swícan
Morphological Analysis
Wordclass: Verb, Preposition
Verb Class: Strong
Related §§ in Wright's OE Grammar:
In the OE text, the length is:indicated by acute accentsindicated by macronsnot indicated.
swícan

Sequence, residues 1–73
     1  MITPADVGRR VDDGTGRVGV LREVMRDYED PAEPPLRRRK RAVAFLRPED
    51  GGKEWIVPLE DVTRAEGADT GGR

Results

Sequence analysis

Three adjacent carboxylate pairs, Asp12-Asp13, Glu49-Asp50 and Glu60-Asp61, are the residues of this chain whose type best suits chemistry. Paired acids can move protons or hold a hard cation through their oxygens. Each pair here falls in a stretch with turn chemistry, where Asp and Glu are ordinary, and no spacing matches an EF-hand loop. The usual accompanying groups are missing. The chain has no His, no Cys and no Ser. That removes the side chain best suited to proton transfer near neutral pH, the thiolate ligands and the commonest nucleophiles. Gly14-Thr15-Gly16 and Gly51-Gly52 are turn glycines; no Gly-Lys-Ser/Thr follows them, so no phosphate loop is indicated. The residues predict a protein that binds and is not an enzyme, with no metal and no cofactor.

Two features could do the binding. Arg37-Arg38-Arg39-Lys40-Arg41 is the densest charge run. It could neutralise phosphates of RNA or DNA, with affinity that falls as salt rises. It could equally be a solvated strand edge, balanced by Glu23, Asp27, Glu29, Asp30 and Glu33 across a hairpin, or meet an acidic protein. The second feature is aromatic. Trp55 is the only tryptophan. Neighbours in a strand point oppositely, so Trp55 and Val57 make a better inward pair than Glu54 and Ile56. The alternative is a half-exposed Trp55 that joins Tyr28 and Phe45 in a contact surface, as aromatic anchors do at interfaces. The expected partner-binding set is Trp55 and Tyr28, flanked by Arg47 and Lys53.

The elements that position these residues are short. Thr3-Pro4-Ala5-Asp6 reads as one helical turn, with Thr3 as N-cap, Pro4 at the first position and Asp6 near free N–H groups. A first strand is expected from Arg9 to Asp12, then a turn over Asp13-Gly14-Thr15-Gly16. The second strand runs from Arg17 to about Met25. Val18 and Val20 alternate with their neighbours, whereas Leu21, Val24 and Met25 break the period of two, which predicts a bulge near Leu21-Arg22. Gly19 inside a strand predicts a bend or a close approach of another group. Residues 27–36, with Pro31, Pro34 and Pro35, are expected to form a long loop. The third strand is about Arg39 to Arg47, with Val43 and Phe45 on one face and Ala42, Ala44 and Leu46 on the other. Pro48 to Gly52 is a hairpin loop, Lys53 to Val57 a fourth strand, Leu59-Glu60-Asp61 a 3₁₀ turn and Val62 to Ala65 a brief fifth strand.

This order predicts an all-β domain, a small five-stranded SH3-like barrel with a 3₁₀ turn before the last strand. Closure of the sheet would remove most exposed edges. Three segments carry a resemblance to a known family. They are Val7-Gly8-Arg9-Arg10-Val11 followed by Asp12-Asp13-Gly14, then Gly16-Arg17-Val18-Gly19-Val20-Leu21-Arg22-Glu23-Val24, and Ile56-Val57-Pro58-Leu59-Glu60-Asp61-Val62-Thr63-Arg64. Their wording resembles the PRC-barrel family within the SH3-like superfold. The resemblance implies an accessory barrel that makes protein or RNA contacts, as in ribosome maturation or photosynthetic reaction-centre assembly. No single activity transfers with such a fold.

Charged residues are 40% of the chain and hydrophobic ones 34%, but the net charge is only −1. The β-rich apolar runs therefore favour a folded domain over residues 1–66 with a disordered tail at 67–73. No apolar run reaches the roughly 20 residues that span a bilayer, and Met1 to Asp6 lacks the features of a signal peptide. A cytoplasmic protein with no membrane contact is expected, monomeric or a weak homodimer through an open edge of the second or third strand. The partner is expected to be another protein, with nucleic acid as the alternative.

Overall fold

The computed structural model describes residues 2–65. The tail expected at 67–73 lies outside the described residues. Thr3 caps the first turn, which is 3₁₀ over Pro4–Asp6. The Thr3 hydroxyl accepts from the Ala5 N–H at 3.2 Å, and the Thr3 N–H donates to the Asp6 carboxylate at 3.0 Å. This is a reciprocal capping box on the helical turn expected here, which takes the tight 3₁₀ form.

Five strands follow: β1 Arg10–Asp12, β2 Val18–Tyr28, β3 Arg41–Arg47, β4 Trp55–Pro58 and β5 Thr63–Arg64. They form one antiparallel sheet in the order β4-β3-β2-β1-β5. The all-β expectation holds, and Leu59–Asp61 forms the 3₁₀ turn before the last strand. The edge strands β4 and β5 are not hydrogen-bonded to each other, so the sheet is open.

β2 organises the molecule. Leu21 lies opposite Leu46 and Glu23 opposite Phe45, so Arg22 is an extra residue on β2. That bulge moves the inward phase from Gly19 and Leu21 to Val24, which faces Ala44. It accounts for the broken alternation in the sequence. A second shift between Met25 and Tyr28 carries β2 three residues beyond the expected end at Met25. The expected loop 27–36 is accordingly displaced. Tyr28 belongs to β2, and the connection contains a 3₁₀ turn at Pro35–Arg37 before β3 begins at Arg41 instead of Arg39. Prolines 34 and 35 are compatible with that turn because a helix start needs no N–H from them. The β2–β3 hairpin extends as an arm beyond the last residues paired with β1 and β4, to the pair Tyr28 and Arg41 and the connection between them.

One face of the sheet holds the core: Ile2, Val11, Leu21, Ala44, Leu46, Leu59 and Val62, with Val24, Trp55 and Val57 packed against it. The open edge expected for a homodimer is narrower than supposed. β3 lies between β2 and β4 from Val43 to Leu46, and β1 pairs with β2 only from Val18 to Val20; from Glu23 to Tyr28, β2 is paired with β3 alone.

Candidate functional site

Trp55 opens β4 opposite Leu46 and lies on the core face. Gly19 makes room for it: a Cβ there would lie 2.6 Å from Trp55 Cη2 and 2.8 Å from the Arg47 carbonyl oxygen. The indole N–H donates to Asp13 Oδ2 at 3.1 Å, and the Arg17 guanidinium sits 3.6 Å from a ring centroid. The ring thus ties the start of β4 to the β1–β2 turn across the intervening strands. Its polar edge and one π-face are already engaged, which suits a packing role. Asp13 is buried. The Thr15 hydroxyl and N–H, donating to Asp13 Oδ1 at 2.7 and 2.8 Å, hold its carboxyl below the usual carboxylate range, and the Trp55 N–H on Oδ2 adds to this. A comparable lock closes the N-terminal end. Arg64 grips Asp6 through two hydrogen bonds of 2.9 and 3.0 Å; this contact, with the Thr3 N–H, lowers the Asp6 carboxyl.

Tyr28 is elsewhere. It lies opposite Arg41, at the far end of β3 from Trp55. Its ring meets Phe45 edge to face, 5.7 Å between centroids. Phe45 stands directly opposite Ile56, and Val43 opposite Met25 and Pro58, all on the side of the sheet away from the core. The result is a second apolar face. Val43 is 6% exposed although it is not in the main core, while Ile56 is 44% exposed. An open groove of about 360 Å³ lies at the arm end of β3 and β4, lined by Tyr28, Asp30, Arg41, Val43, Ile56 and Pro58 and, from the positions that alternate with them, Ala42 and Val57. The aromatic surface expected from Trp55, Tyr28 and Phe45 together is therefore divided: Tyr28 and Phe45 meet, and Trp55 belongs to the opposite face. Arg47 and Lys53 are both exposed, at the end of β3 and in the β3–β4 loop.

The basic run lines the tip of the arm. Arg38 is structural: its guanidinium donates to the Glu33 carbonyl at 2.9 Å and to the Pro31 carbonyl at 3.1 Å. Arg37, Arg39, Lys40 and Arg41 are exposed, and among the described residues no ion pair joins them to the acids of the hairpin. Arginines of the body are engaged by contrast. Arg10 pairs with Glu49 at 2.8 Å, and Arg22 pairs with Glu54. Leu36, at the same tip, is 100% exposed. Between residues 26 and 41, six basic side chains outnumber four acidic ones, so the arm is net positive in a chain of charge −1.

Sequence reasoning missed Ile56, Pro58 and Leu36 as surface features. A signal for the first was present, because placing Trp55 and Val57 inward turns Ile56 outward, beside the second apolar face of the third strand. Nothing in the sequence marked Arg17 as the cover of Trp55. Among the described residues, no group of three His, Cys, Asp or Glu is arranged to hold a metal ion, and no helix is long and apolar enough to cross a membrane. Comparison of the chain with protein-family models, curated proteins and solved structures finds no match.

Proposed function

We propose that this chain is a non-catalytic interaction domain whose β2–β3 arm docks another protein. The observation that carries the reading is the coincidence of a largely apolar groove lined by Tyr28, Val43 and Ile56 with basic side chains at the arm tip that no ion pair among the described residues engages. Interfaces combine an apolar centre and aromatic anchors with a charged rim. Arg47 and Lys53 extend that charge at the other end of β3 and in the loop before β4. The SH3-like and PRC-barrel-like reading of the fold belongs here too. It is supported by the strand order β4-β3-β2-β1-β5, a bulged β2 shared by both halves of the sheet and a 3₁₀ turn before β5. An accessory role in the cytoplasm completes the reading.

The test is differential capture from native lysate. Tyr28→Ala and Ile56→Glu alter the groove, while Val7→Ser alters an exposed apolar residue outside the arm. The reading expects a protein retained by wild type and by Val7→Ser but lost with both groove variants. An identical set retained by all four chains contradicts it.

p. swác, pl. swicon; pp. swicen. I. to move about, wander Oðer lifaþ lytle hwíle, swíceþ on ðisse sídan gesceafte, and ðonne eft mid sorgum gewíteþ, Salm. Kmbl. 737; Sal. 638. [O. H. Ger. swíhante vagus.] II. to move away, depart, escape Wiþ ðæt beón æt ne fleón, genim veneriam and gehóh hý tó ðære hýfe; ðonne beóþ hý wunigende and nǽfre ne swícaþ, Lchdm. i. 98, 2. Hé for mundgripe mínum scolde licgean lífbysig, bútan his líc swice unless his body had escaped (from my grasp ), Beo. Th. 1937; B. 966. Eam ic geseald ðǽr ic út swícan ne mæg traditus sum et non egrediebar, Ps. Th. 87, 8. Hé biþ on ðæt wynstre weorud wyrs gesceáden, ðonne hé on ða swíþran hond swícan móte, Exon. Th. 449, 25; Dóm. 76. Sceal ánra gehwylc óðrum swícan, forðam Dryhten wile ðæt earme flǽsc eorðan betǽcan each one must depart from other, for the Lord will commit frail flesh to earth, Runic pm. Kmbl. 343, 14; Rún. 20. II. a. swícan from to turn from, to withdraw favour or allegiance from, to rebel :-- Ða leóde him from swicon the people renounced their allegiance to the king of the Elamites (cf. recesserunt ab eo, Gen. 14, 4), Cd. Th. 119, 18; Gen. 1981. Nóhwæðere ælmihtig ealra wolde Adam and Euan árna ofteón ðeáh ðe hé him from swice although he had withdrawn his favour from them (perhaps hé = hié and swice is plural though they had turned from him, 58, 31; Gen. 954. III. to desist from (dat. or prep.), cease from Gif hé ðære hnappunge ne swícþ, ðonne hnappaþ hé óð hé wierð on fæstum slǽpe, Past. 28; Swt. 195, 11. Hé from gebede swíceþ, Exon. Th. 264, 33; Jul. 373. Á byþ on færylde, nǽfre swíceþ, Runic pm. Kmbl. 342, 26; Run. 17. IV. to deceive Se ðe sweraþ néhstan his and ná swícþ (decipit ), Ps. Spl. 14, 6. Se swíceþ ða mengo seducit turbas, Jn. Skt. Rush. 7, 12. Ne nim ðú náne sibbe wið ðæs landes menn, ðe læs ðe hira ǽnig ðé swíce, Ex. 34, 15. V. to fail in one's duty to another, be a traitor to, desert Hwider hweorfaþ wé (St. Andrew's followers) hláfordleáse . . . gif wé swícaþ ðé if we desert thee, Andr. Kmbl. 814; An. 407. Nǽfre hit (the sword) æt hilde ne swác manna ǽnigum it never failed any man in fight, Beo. Th. 2925; B. 1460. Ðæt ðú Gode swíce that thou prove traitor to God, Andr. Kmbl. 1916; An. 960. Hé nele Gode swícan, Exon. Th. 265, 27; Jul. 387. Ða ríceste Frencisce men wolden swícan heora hláforde ðam cynge, Chr. 1087; Erl. 224, 3. Drihten mé swícan ne wile the Lord will not desert me, Ps. Th. 53, 4. [His men him suyken (deserted) and flugæn, Chr. 1140; Erl. 264, 14. Heo sworen swiken (deceive) þat heo nolden, Laym. 4101. Ðe hunte him (the elephant) wille swiken (deceive), O. E. Misc. 20, 637. Þas ilke nefre ne swiken (ceased) to brekene þa licome, O. E. Homl. i. 43, 9. Bute ȝef þu swike ham (cease from such words), Marh. 5, 4. Hwanne ich swike (cease), O. and N. 1459. Hy ne zuykeþ (cease) neure niȝt ne day, Ayenb. 157, 21. O. Sax. swíkan: O. Frs. swíka: O. H. Ger. swíchan: Icel. svíkja: Dan. svige to deceive, leave in the lurch: Swed. swika.] v. á-, be-, ge-swícan; swician.
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